For four months our house sat on a cluttered market with little interest as we bubbled wrapped glassware, packed boxes full of baby toys and grew increasingly nervous.
We couldn’t afford two mortgages and the idea of our home sitting vacant on the market for the looming winter scared us.
We talked sheepishly about renting, hesitant to assume the authoritative “landlord” moniker. “Landlording” seemed so responsible, so adult. Plus we’re both easy-going, non confrontational people who wanted to spend our free time yelling at our children, not managing a rental property.
But we were stuck.
So after much discussion, debating and Googling we decided to cautiously assume the pragmatic title of landlords.
We found tenants within two weeks. A nice couple with jobs strapped with below average credit. But we were attracted by their ability to offer cash for the first month’s rent and the security deposit.
The first year and a half was great. They paid rent on time and asked for very little. And after the rent was collected and the mortgage paid Cindy and I were able to stash a few bucks away.
Then December 1st came and the rent didn’t arrive until New Year’s Eve.
Over the next few months the rent was consistently late. We enforced late fees, made phone calls, sent text messages and mailed letters. We tried to reason and compromise. But late rent became partial rent. Then partial rent became no rent at all.
Spring melted into summer and the last thing Cindy and I wanted to do was champion an eviction, fix up the house and find new renters. So we drafted a new lease that included a payment plan to reclaim the delinquent rent. A plan they agreed to. A plan I was confident would work.
The first date the delinquent rent was due came and went without any payment. Without explanation.
We were out of options. We had no choice but to file for eviction with our local township.
In our two years of being landlords we learned a lot. We learned that a rental property can be a great source of extra cash. But we also experienced the stress and frustrations of renting. The drama and unnerving feeling that the rent maybe late or not coming at all. Here are 8 lessons I learned from my first go-around as a landlord.
1. Know the renting laws
Before you rent your home, you need to know your local and state laws. (Like whether your township require a home inspection before you can legally rent.)
Go to your local township office and request literature regarding rental laws and procedures. This literature will benefit both you and your tenants. I would also recommend reviewing local laws with your tenants before they move in. Even if you don’t understand all the legal vocabulary, the act of reviewing these laws will present you as a knowledgeable and experienced landlord ( even if you’re not).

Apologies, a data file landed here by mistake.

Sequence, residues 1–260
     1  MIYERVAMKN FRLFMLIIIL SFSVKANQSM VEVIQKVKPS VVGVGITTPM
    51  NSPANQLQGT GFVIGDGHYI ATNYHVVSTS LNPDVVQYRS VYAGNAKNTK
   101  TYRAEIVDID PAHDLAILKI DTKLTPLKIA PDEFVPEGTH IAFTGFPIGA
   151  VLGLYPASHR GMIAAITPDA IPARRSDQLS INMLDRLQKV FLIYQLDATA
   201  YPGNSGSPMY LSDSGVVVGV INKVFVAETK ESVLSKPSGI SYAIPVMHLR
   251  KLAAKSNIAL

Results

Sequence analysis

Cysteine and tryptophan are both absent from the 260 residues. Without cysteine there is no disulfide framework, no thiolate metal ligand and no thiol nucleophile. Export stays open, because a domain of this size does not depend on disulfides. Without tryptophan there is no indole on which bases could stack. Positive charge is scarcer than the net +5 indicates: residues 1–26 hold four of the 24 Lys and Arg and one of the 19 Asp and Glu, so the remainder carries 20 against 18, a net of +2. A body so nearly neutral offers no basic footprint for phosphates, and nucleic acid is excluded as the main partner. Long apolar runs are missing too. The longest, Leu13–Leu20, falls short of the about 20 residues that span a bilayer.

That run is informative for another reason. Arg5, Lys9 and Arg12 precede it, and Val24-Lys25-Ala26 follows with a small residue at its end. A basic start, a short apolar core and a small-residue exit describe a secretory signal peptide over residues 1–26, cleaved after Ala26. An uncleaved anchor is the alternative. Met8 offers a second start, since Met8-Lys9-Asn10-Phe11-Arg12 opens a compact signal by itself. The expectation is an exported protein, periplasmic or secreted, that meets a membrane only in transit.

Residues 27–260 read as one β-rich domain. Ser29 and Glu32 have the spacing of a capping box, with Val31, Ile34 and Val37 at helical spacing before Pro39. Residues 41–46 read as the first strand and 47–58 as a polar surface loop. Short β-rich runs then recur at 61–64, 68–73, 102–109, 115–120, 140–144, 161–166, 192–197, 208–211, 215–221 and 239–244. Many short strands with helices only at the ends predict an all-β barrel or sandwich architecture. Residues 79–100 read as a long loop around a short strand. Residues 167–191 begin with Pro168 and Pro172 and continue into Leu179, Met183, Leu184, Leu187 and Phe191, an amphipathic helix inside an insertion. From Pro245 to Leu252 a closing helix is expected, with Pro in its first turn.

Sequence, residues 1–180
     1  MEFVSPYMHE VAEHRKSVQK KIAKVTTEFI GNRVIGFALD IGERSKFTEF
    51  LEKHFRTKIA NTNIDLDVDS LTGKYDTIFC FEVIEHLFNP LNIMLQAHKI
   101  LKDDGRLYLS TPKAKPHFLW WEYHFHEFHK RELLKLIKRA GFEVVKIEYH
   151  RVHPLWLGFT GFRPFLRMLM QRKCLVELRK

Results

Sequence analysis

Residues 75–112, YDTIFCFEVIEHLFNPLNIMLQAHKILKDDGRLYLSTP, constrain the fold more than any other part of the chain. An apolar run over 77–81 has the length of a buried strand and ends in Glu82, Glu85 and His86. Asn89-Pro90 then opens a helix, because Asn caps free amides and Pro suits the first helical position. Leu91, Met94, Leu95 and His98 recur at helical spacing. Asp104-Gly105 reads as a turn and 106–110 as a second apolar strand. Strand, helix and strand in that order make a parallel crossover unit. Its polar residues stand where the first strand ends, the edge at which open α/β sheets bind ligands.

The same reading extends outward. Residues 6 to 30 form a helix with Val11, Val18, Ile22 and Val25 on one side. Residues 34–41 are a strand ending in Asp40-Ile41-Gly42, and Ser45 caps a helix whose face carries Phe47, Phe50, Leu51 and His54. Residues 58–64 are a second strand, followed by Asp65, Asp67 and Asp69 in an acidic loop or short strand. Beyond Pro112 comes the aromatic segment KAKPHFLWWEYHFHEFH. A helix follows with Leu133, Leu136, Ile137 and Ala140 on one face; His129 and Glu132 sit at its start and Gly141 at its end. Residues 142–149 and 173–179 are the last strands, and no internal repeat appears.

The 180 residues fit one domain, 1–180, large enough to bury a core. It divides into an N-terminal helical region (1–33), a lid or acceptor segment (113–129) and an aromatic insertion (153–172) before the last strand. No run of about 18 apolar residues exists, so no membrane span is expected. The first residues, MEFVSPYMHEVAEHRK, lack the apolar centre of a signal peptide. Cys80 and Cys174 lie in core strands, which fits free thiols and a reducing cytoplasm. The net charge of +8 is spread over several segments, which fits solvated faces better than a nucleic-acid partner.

2. Abide by your lease
Your lease is a binding document that is designed to guide all of your decisions. Let it. Your lease should be transparent and the tenant expectations should be clear. I advise reviewing all parameters of the lease before the tenants move in. Glossing over lease expectations can lead to future problems.
3. Document everything
For quick correspondences a phone call will suffice. But serious matters ,that could lead to an eviction, should be done in writing (I suggest by certified letter). If you do need to evict, clear documentation is critical.
4.Be understanding but firm
Life is tough business. I understand– children get sick, companies downsize, transmissions explode. If you’re a landlord long enough you will hear plenty of reasons why rent is late. Be compassionate and understanding but be cautious and don’t be afraid to enforce your late penalties (and your lease must include late penalties!). You also may try to separate fact from fiction. Don’t get into the business of dissecting truth. You’re not a lawyer. You’re a landlord and it’s your job to adhere to the demands of the lease, to protect your investment and to provide your tenants with a comfortable living experience.
5. Do some market research before you evict
Know the rental market landscape before your house is empty. Consider the time of year and whether it constitutes a high demand of renters. Research the comparable rentals in your market and understand that your house may sit vacant for sometime before you can obtain a new tenant.
6. Be cool
When there is money at stake, when a tenant is refusing to pay rent there is a tendency to make quick, reactive decisions rather then making a sound, logic decision. When faced with a tenant issues– take your time, review your lease, sleep on it, do a downward dog. You’re the landlord, you’re in charge–take your time and think it through.
7. Use a big picture lens
Thinking big picture before you rent your home is important. Consider the following questions– Is your goal to rent as a means of building equity? Is your goal to pay down the mortgage to make a bigger profit when you sell the home? Will dealing with a few weeks of landlord headaches provide you with a lifetime of financial flexibility?
8. Build a relationship
Like any, the landlord/tenant relationship needs to be cultivated with respect and communication. Just because you own the property doesn’t give you the right to be indigent. And though you may not like your tenants–and you don’t have to– you do need to be respectful. Remove your personal feelings from the equation, build a landlord/tenant relationship on respect and you’ll create a positive situation that benefits both you and your tenants.